Most of us have seen affordable eventing saddles for sale. But are they a good value? When tacking up for dressage, cross-country and show jumping, how can one saddle fit all? These are common questions, especially for those new to eventing or competing in the novice, training and preliminary levels of the sport.
Three-day eventers need saddles that compliment three different and challenging equestrian disciplines: dressage, cross country and show jumping. Each form of riding calls for different balance points, different techniques.
First, you need a saddle that enables the right frame and position for dressage. Next, your saddle must help you ride cross-country. You’ll jump uphill, jump level, and jump downhill, taking obstacles that might differ drastically in elevation. The cross country rider spends a good amount of time standing up in the saddle to cover ground at the gallop and to aid the horse in negotiating the variances in terrain and fence heights.
On the final day, you’ll need the forward seat of a jump saddle to complete a precision show jumping course without faults. It’s an exciting, demanding sport! The saddle(s) you choose play an important part.
Affordable, Quality Eventing Saddles for Sale
Let’s take a look at good quality, affordable eventing saddles that span different price ranges. These still are not the high end saddles that go beyond many riders’ budgets.
What’s the best saddle for eventing?
Saddle preferences are extremely personal. It’s the right fit for horse and rider, plus good workmanship that make a great saddle. Not famous logos, not bells and whistles.
Lower priced and very affordable saddles offer good solutions for beginner, novice and training level competitors. Kindly note, these “levels” are misleading. Beginner, novice and training level eventers are NOT inexperienced riders.
Until you know you really want to commit to eventing, you may not want to spend thousands. And with a less expensive yet well-fitting saddle that you and your horse are happy with, the money saved can be significant. As with all riding disciplines, your choice of eventing saddle should evolve as your level of riding in this sport develops and advances.
Do You Need One Saddle, Two Saddles, or Three?
Using one saddle for various disciplines always means you must compromise a little something. This reality becomes more meaningful the higher you reach in eventing.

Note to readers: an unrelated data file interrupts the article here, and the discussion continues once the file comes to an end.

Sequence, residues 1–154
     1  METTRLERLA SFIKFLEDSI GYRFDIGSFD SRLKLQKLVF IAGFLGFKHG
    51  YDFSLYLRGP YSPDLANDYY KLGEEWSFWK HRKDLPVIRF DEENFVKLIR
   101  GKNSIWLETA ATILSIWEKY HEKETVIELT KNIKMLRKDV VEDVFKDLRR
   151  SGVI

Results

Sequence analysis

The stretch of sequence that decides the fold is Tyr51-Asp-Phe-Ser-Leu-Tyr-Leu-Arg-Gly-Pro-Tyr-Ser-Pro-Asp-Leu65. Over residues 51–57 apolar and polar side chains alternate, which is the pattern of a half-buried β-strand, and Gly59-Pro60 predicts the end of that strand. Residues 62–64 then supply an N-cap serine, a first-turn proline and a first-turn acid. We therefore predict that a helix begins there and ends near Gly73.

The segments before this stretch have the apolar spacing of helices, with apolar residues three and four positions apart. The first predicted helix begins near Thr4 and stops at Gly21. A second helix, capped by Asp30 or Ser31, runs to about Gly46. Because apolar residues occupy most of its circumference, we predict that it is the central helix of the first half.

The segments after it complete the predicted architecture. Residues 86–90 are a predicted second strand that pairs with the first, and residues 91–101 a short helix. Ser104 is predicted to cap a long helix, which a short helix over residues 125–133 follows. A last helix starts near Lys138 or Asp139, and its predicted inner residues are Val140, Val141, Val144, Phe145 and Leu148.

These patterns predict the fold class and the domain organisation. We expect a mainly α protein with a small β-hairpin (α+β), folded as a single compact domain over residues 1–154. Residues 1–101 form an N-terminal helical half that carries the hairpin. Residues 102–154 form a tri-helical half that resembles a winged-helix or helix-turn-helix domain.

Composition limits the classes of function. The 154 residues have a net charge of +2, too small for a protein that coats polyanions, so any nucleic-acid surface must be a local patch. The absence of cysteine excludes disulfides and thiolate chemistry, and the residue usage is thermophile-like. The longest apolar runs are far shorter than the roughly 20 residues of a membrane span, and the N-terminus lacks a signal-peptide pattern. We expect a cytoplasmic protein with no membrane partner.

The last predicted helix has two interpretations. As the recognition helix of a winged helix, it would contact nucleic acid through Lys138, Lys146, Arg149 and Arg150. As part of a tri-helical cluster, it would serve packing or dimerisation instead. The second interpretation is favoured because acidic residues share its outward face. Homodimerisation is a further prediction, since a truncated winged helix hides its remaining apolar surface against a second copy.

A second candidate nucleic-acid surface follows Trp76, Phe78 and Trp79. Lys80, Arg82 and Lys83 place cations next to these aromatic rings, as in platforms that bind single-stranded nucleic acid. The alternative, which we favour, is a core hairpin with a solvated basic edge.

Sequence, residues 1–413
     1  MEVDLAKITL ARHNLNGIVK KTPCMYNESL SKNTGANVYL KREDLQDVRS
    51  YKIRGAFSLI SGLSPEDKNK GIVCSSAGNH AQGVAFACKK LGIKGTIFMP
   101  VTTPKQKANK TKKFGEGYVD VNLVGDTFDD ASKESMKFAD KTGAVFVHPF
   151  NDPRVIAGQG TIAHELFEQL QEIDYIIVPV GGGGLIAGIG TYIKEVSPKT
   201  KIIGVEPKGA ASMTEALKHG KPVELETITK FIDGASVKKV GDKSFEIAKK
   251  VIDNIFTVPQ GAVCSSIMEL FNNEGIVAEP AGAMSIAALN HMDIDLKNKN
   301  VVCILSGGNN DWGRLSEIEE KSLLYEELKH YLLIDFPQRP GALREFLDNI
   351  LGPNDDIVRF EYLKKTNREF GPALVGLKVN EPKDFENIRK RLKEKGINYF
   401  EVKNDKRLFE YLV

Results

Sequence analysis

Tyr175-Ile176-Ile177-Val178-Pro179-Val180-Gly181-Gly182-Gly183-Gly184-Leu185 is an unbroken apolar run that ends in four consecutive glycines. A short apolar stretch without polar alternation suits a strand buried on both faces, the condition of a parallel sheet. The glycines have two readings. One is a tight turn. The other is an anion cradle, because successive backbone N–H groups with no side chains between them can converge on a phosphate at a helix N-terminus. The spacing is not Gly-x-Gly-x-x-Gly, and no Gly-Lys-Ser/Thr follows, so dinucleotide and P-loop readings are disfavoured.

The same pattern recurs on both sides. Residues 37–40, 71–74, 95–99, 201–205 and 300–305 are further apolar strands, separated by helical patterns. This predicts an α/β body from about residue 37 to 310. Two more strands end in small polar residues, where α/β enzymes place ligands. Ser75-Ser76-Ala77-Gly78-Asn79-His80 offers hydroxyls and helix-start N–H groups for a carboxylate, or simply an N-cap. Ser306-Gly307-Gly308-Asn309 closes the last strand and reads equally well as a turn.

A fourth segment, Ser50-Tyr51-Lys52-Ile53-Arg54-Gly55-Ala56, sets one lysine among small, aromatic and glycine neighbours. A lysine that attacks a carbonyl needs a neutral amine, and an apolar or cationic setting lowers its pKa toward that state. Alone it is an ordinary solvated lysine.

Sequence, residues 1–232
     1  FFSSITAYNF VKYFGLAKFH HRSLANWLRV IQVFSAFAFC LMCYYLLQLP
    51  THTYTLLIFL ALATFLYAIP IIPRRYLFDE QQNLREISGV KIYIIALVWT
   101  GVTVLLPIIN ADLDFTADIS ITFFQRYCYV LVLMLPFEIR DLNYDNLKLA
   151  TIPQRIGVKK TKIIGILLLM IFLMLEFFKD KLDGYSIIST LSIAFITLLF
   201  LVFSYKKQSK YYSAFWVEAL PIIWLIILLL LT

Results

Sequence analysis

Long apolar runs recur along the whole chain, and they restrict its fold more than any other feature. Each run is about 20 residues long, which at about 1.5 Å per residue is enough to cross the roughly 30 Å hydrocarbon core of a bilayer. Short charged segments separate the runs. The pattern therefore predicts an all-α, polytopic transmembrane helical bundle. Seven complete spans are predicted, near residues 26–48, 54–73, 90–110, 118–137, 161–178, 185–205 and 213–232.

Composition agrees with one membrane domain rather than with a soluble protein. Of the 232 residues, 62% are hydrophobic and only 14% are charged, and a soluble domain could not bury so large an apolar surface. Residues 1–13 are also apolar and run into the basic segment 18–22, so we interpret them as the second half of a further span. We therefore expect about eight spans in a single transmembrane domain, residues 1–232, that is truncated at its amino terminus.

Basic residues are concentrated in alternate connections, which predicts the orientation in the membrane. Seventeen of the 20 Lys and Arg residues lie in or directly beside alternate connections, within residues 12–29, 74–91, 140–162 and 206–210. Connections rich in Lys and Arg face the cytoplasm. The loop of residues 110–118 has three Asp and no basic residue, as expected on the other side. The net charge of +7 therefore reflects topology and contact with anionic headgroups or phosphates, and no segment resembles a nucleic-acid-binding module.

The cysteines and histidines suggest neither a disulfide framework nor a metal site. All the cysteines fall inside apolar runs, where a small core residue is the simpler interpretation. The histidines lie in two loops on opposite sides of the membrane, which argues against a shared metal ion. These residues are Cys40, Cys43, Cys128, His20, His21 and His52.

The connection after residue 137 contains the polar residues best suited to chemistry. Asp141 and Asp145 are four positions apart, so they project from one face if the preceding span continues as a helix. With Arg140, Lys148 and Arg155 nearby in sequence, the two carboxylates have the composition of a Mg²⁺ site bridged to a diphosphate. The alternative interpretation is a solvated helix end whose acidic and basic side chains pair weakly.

Experienced eventers must negotiate more challenging cross-country and show jumping courses, plus upper level dressage tests. Which is why many top level eventers prefer to have a specialty saddle for each eventing discipline, or at least two: one Cross Country saddle for (for XC and Show Jumping) and a Dressage saddle.
Specialty 3-Day Eventing Saddles for Sale
Dressage – The first day of three-day eventing is the dressage phase. Dressage tests within the eventer’s level are required. Communication between horse and rider is paramount and the saddle plays a vital part. See our reviews of Dressage saddles here.
Cross Country – A big benefit from cross country saddles is they enhance a good, solid position at the gallop, and the ability to reposition yourself in the seat (nearer the cantle) before an upcoming obstacle and then taking the jump. Sloping terrain, drops and uphill jumps are a far cry from stadium jumping, and cross country saddles used in eventing may help you negotiate them all.
Show Jumping – The show jumping course in three-day eventing consists of 12 to 15 brightly decorated fences and obstacles of various difficulty, heights and widths. Show jumping is both rigorous and precise. It is the last discipline in the eventing triathlon. Horse and rider must once again negotiate diverse jumps, this time on level ground, with bursts of speed, continued stamina and utmost control and obedience.
More about Eventing Saddles
The eventing saddle has a medium depth seat that aids the rider in providing a secure seat when needed. Additionally, the eventing saddle might come equipped with thigh blocks, and a long “twist” that accommodates a rider standing up in the saddle for extended periods.
The twist in a saddle is the narrow part of the seat. It’s the area of transition in between the sharp, tall front of the saddle that must fit over the withers, and the back part of the saddle that is relatively flat. In most eventing saddles, the bars of the saddle tree have an extended twist as compared to most saddles, located in the transition zone behind the pommel of the saddle.
Shorter stirrup lengths are usually preferred by the eventer for the extended gallops in between fences for cross country. Saddle flaps are ample for the rider to keep their legs on the saddle while jumping downhill. The flaps may, or may not, have padding for taking fences. The flaps usually have a generous forward cant to accommodate varying stirrup lengths. Billets are typically a medium length.
Beginner and Novice eventers generally prefer and do quite well with eventing saddles also known as an “all purpose” English saddle, or a jumping saddle with a deep seat. Most of these riders already have some form of all-purpose or jumping saddle, or dressage saddle.
At this level, jumps stay within the lower 3-foot height range and shorter widths, and the deep seat centers the weight appropriately and also assists in correct positioning for dressage tests. If the need for a new saddle exists, beginning and novice eventers may elect to try saddles developed for eventing, and save the expense of buying multiple saddles.